Until now, only doctors, podologists and odontologists have been allowed to prescribe medication, and nurses only permitted to administer drugs under the instructions of one of these.
A restricted law introduced in 2015 upset nurses, who felt they were being treated as second-class health professionals and that they were being hindered in their work, to the detriment of patients, although they admitted that the terms of the new legislation did offer them greater protection and better comfort for patients.
Back in 2015, thinkSPAIN spoke to a number of nurses who explained how far the new law enabled them to act in terms of medication – they would be permitted to give a paracetamol for a headache, but not, for example, morphine.
Until then, a patient in A&E who was in pain would not be able to get any relief unless a doctor was available to authorise it, and night nurses were not allowed to provide any drugs for pain which had not already been agreed by a doctor, meaning the patient may have to suffer until the doctor’s rounds during the late morning, as on-call medics only attend to emergencies.
Giving an aspirin to a patient with a headache when there was no doctor available to prescribe it could mean a nurse being fired and struck off for ‘practising without a licence’, which is in fact a criminal offence that could even lead to a suspended custodial sentence.
Despite this, the nurses who spoke to thinkSPAIN said they studied the same amount of credits in pharmacology at university as doctors do, and that many nurses are even more highly-qualified than doctors – whilst a nursing degree is much shorter than a doctor’s studies, many nurses go on to take a master’s or PhD to specialise further.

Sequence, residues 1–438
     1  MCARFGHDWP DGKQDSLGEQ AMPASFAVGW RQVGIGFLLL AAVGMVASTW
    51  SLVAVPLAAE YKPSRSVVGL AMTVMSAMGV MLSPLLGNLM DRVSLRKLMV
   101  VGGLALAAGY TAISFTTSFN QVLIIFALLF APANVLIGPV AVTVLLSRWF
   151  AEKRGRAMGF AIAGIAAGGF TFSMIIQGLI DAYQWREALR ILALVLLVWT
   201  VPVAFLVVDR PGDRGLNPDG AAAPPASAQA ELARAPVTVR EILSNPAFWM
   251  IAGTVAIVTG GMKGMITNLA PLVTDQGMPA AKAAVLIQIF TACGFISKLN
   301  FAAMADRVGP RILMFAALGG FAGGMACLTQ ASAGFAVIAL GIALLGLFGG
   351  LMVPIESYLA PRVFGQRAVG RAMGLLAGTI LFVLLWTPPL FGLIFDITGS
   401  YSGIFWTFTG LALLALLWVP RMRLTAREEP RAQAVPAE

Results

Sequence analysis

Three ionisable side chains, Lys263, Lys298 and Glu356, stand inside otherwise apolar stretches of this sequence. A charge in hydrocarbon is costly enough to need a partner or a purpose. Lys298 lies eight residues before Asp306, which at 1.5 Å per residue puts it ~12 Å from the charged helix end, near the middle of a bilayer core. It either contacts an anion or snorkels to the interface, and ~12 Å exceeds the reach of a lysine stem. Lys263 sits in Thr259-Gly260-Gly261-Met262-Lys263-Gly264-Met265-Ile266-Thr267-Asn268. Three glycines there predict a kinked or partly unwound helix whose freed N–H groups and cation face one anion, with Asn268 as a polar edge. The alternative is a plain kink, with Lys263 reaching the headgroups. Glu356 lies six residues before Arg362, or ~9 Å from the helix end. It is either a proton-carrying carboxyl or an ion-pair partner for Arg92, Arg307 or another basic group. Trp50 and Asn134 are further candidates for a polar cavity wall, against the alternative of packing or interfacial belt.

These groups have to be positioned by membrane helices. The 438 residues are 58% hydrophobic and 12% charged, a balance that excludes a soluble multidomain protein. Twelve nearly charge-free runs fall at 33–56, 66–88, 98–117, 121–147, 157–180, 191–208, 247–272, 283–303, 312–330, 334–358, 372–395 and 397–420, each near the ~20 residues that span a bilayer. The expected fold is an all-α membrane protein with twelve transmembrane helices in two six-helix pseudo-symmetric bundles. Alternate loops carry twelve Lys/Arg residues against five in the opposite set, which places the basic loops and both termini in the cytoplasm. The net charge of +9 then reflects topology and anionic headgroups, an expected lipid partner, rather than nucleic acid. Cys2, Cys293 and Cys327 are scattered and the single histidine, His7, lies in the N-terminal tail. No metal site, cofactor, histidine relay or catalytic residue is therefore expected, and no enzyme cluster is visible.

Yet some doctors do not have a PhD, meaning that although they are ‘doctors’ by profession, they are not holders of this title via academic studies.
It is not entirely clear how far the recently-passed law will allow nurses to prescribe medication and administer drugs which would have hitherto required a doctor’s prescription, although nurses explain that, in reality, the legislation reform is mostly in place to give them legal protection for actions they already perform.
“In their daily work, nurses have to make decisions and prescribe vaccinations, antibiotics and other medication without waiting for higher authorisation at every step,” one nurse clarifies.
“This created a legal loophole which put nurses at risk.
“We won’t be doing anything we weren’t already doing; it’s just that now, we’ll be protected by law in doing so.”
Another nurse, José Ramón, explains: “Do you really think that, if you’re in a hospital bed, at at 03.00 in the morning you can call a doctor to sign an authorisation for you to be given a painkiller? Well, according to legislation currently in place, that’s how it should be – doctors do not only prescribe medication but actually decide how and when to give it to you.
“However, as a general rule, when you call for pain relief at that time of the night, it will be the nursing staff who give it to you and decide whether or not to do so based upon your notes. The new law means they’re legally protected for taking that decision.
“Whilst you can go into a bar and ask the staff to give you a paracetamol or an ibuprofen and they won’t face any legal action, until now, there were actually medical professionals forbidden from doing so on pain of prison.”
Nurses across Spain had been urging the new socialist government, which came into power in early June, to approve the medication law reform in time for the ‘flu jab season, which is due to start next month.